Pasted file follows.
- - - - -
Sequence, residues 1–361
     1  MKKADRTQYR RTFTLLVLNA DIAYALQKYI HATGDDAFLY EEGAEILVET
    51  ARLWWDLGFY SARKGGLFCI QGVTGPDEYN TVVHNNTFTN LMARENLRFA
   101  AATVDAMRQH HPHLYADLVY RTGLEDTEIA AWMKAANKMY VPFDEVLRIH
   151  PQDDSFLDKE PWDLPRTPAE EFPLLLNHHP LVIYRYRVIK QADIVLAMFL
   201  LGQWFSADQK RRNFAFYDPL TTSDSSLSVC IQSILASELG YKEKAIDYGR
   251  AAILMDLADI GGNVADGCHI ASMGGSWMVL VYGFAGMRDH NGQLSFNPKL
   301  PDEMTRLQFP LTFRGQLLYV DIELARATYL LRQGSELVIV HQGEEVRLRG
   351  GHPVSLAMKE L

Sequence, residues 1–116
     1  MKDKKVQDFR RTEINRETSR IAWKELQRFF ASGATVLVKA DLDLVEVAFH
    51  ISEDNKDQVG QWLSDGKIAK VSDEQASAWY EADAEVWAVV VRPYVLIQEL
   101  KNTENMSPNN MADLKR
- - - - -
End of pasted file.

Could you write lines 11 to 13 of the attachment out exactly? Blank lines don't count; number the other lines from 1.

     1  MKDKKVQDFR RTEINRETSR IAWKELQRFF ASGATVLVKA DLDLVEVAFH
    51  ISEDNKDQVG QWLSDGKIAK VSDEQASAWY EADAEVWAVV VRPYVLIQEL
   101  KNTENMSPNN MADLKR